The Securities and Exchange Board of India (SEBI) released a consultation paper on May 31 proposing changes to the disclosure norms for high-risk Foreign Portfolio Investors (FPI) to prevent violation of Minimum Public Shareholding (MPS) rules and to guard against possible misuse of the FPI route.
Under the new proposed norms, SEBI will mandate certain high-risk FPIs to disclose ownership details down to the level of natural persons, public retail funds or large public listed entities unconstrained by any materiality thresholds set by the Prevention of Money Laundering Act (PMLA) or secrecy laws applicable in other jurisdictions.
However, some threshold relaxation has been proposed for global entities with higher AUMs and newly-established FPIs for the first six months.
The SEBI paper has mandated only a limited number of objectively identified high-risk FPIs
with either concentrated single-group exposures or significant overall holdings in their Indian equity investment portfolio to provide additional disclosures around the economic interest in and the control and ownership of such funds.
Government and related entities, such as central banks and sovereign wealth funds, have been categorised as low-risk, while pension funds and public retail funds have been defined as moderate-risk FPIs. All FPIs that do not fulfil the above criteria are classified as high-risk FPIs.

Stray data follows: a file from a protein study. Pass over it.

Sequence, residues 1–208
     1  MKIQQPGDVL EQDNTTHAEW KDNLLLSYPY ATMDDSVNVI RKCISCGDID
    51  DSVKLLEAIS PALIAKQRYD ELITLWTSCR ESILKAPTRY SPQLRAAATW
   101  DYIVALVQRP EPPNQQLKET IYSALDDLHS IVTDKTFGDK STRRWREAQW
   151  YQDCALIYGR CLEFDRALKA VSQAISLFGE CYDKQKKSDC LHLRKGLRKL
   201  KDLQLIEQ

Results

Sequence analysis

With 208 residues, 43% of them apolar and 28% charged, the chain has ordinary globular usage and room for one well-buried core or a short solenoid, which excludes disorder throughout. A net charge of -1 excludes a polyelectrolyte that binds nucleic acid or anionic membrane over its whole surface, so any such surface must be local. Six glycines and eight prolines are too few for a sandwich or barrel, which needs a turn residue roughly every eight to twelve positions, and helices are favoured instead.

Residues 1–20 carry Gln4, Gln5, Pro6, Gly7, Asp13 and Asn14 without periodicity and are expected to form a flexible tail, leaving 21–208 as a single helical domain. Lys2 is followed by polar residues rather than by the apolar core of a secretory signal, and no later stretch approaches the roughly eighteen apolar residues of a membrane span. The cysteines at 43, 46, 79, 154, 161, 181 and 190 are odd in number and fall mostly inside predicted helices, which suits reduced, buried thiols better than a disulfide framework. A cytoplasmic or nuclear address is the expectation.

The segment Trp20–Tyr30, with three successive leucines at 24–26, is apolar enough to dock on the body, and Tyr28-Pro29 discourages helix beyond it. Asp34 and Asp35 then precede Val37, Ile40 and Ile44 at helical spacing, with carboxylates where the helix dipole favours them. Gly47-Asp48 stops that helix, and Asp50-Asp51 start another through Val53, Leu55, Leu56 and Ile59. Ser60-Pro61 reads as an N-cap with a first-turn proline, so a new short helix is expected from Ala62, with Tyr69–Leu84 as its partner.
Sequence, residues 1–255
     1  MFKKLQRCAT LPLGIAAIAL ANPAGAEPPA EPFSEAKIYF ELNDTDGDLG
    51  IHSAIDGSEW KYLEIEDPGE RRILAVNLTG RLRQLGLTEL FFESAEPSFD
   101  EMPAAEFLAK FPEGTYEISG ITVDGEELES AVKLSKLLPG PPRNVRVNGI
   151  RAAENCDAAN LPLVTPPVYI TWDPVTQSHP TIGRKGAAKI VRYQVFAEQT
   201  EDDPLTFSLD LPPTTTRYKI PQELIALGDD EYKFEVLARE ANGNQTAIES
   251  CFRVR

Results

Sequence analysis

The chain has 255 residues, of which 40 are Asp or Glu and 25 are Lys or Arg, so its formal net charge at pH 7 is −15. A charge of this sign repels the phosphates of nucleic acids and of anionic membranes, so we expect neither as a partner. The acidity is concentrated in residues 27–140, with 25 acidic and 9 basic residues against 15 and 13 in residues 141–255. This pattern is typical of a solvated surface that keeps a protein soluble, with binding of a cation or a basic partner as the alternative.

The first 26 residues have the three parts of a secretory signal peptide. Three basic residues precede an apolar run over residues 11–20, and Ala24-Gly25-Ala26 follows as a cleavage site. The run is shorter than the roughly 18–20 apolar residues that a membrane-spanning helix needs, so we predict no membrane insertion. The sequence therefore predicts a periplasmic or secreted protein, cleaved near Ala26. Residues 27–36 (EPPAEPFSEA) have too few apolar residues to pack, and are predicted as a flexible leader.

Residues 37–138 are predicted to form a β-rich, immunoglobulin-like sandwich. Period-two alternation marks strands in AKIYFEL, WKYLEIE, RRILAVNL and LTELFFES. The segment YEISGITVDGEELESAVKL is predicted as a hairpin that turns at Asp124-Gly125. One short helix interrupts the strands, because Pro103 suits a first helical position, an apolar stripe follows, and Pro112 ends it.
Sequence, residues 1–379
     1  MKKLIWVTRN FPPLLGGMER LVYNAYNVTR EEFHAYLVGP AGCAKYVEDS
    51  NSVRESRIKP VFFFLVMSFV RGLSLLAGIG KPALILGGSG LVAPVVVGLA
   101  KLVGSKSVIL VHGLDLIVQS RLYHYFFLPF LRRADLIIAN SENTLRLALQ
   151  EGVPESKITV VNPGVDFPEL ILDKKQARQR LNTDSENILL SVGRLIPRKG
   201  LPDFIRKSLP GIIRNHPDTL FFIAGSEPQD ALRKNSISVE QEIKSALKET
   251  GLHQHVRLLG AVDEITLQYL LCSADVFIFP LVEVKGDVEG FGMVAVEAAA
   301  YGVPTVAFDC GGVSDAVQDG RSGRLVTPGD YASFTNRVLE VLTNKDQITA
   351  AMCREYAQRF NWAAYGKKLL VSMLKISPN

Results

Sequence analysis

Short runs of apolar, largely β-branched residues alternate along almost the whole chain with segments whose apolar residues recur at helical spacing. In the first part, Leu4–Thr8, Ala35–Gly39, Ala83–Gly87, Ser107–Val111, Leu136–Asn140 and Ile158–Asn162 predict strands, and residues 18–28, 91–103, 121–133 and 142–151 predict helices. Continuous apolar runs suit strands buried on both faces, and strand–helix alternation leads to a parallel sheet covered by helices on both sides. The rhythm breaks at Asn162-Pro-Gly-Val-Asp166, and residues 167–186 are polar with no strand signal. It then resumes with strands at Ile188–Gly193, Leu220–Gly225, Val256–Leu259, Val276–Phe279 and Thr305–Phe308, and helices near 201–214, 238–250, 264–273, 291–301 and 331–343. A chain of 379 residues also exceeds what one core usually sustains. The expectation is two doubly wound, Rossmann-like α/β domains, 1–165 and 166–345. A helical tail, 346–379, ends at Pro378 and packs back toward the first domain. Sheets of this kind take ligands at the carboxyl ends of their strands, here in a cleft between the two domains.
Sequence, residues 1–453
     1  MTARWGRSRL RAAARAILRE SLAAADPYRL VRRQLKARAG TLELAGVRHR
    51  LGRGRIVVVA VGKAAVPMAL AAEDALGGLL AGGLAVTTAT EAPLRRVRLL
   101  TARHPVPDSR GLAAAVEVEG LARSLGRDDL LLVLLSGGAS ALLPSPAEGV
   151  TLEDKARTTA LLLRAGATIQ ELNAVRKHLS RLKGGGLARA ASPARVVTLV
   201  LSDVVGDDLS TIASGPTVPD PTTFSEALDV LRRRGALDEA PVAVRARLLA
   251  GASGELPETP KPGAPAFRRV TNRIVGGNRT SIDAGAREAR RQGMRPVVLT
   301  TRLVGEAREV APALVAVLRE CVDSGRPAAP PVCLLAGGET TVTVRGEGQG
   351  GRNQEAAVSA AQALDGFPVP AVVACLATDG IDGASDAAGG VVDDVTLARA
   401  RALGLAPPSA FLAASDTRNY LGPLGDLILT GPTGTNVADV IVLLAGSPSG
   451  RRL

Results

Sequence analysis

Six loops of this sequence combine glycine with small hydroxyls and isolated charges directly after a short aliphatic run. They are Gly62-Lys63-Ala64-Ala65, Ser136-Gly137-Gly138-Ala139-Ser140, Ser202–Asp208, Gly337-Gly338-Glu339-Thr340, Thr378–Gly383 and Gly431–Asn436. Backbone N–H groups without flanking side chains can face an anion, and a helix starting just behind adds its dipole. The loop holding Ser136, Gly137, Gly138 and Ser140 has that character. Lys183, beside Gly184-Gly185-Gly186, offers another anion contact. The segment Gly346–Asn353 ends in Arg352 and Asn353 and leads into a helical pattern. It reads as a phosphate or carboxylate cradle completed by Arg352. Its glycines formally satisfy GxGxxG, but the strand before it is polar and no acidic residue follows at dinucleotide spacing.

High-risk FPIs with an overall holding in Indian equity markets of over Rs 25,000 crore would be required to comply with the additional disclosure requirements within six months or, upon failure, should bring down their AUM under Rs 25,000 crore within the same time frame.
Any high-risk FPIs holding over 50 per cent of their equity asset under management (AUM) in a single corporate group will be provided six months to bring down their exposure before additional disclosures are mandated.
The regulator has sought public comments on the proposal by June 20.